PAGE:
• William Brangham:

    Ryan Petty, I wonder if you could tell us a little bit about how things are in Parkland right now.

    I know that you were at one of the — one of these meetings that happened after the most recent loss of this — one of the students there. Can you just tell us how the community is responding?

  • Ryan Petty:

    You know, the community feels apprehensive at this point.

    I think this is yet a new trauma that we're experiencing in the aftermath, just a little over a year from when we lost 17 souls due to the unfortunate school shooting.

    So, I think the community still is uncertain about what's next. There's clearly trauma that hasn't been dealt with. And the community needs a bit of hope and reassurance at this point.

  • William Brangham:

    And the things that Dr. Posner Gerstenhaber is talking about, these techniques that she has helped develop — and I know you have been trying to promote within the community — to get parents and other people around young people to reach out to them, are people receptive to that idea?

  • Ryan Petty:

    You know, unfortunately, it seems like, sometimes, it takes a tragedy to get people to be ready to listen.

    The good news is — and Dr. Posner gave us great news — we can — this is a treatable illness. And the right information, we can help those who are hurting, those that are suffering, oftentimes in silence, not knowing how to get help that they need themselves.

    We have the tools, with the Columbia Protocol, to be able to identify those that are at risk. And then, of course, there's access to resources, and we can talk more about that.

  • William Brangham:

    Dr. Posner Gerstenhaber, I know you have developed protocol, the Columbia Protocol, which is a series of questions that you argue anyone can really ask someone who might be considering suicide.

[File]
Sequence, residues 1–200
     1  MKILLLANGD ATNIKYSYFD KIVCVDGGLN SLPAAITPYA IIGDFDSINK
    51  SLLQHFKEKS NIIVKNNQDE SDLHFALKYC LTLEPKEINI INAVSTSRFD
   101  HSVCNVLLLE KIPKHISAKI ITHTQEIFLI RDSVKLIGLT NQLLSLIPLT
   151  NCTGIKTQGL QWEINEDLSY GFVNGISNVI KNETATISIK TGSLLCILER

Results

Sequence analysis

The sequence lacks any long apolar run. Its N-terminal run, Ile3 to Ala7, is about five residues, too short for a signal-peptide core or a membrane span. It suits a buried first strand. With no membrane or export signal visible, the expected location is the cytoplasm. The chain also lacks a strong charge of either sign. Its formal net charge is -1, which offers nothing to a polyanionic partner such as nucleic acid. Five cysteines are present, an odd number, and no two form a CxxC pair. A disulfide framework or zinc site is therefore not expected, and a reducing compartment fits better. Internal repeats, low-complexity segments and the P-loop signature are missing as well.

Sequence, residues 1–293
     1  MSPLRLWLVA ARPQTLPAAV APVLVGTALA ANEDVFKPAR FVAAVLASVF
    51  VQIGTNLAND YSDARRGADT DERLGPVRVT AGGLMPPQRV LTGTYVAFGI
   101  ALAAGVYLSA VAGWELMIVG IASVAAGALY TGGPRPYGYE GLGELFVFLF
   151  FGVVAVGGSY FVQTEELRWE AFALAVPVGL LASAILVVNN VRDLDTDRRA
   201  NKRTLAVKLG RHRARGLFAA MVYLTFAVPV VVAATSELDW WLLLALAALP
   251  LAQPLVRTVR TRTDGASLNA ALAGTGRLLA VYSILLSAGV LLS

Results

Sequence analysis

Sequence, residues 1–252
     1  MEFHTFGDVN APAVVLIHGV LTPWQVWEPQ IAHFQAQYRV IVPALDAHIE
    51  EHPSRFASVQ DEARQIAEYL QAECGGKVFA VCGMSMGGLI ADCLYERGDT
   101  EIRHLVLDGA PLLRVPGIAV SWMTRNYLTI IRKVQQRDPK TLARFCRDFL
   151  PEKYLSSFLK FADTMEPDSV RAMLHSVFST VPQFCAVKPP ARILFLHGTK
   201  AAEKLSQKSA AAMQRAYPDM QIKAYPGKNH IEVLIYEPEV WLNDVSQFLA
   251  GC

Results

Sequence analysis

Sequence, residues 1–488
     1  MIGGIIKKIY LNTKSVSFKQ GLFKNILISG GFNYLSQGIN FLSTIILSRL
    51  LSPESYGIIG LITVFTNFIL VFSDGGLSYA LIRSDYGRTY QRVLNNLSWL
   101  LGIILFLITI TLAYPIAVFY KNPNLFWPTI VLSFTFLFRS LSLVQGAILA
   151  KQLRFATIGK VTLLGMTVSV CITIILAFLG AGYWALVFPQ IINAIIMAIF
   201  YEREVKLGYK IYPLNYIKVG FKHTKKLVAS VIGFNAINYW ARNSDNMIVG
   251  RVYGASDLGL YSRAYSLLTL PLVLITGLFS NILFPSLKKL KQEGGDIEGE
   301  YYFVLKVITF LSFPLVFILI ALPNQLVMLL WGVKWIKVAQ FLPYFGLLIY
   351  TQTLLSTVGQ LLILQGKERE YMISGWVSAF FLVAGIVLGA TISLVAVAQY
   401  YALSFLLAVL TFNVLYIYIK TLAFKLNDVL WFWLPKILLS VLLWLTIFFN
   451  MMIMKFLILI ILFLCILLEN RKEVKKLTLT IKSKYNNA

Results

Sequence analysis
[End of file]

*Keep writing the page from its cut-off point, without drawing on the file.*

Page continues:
What are you hoping to elicit with those questions?

  • Dr. Kelly Posner Gerstenhaber:

    So, these few simple questions help us for the first time identify who is at imminent risk, and helps us identify the important suicidal thoughts and suicidal actions that we need to ask.

    For example, have you thought about ending your life, and, if so, have you had any intention to act on those thoughts? Have you started to do anything, prepared to do anything to end your life, like collecting pills, writing a note? Things we know we need to ask to connect the right people to care that need it.

    One of the things that can be really helpful in these times of tragedy are student-led and community-led interventions. And we know that, in addition to the potency of this method or this language, having a common language to put around these issues is an intervention, in and of itself. It builds cohesion. It builds connectedness.

  • William Brangham:

    Ryan Petty, I'm curious to ask you.

    One of the concerns I know, whenever suicide occurs, is that there is a great deal of concern about how we talk about suicide and the way — the terms we use, the way in which we talk about it, for fear that it might — I think the term of art is that it might be contagious.

    Is that something that you talk to community members in Parkland about?

  • Ryan Petty:

    We did.

    And I think it's particularly important to understand and to be responsible, to have the media be responsible with how it's reported and how we talk about it on social media.

    But, you know, what Dr. Posner just told us is — should be music to all of our ears. We can all be part of the solution. We can all be involved. And it requires us to talk about it. It requires us to recognize that there shouldn't be a stigma associated with this.

    This is a disease, just like any other. We wouldn't be afraid to talk about somebody with cancer or somebody with a broken limb. We would help them seek treatment and get them the help that they need. And so we need to treat this the same way. We need to be willing to have those conversations.

    And the beauty of the protocol, the Columbia Protocol, that Dr. Posner and her colleagues have put together is that anyone can be involved. So, as a community, we don't have to sit back and feel powerless. We can feel like we're part of a solution.

    And I heard her say that a minute ago. And it really does help in our own personal trauma and healing.

  • William Brangham:

    Ryan Petty and Dr. Kelly Posner, thank you both very much for your time, and thank you for your work.

  • Ryan Petty:

    Thank you.

  • Dr. Kelly Posner Gerstenhaber:

    Grateful to be here.